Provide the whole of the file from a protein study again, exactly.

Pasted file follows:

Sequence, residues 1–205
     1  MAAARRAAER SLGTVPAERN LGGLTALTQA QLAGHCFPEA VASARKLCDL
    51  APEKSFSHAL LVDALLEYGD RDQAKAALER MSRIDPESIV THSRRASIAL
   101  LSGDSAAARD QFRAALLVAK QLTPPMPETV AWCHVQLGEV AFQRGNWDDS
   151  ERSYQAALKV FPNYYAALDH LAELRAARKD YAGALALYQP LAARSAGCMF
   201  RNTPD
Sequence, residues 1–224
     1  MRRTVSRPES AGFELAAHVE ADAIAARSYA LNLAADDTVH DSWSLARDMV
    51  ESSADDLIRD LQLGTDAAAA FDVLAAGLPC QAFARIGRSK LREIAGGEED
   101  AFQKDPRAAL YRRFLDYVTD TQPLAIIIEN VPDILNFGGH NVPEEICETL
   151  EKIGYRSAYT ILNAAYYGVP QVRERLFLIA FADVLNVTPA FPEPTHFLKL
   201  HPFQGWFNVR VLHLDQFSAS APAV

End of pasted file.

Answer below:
Sequence, residues 1–205
     1  MAAARRAAER SLGTVPAERN LGGLTALTQA QLAGHCFPEA VASARKLCDL
    51  APEKSFSHAL LVDALLEYGD RDQAKAALER MSRIDPESIV THSRRASIAL
   101  LSGDSAAARD QFRAALLVAK QLTPPMPETV AWCHVQLGEV AFQRGNWDDS
   151  ERSYQAALKV FPNYYAALDH LAELRAARKD YAGALALYQP LAARSAGCMF
   201  RNTPD
Sequence, residues 1–224
     1  MRRTVSRPES AGFELAAHVE ADAIAARSYA LNLAADDTVH DSWSLARDMV
    51  ESSADDLIRD LQLGTDAAAA FDVLAAGLPC QAFARIGRSK LREIAGGEED
   101  AFQKDPRAAL YRRFLDYVTD TQPLAIIIEN VPDILNFGGH NVPEEICETL
   151  EKIGYRSAYT ILNAAYYGVP QVRERLFLIA FADVLNVTPA FPEPTHFLKL
   201  HPFQGWFNVR VLHLDQFSAS APAV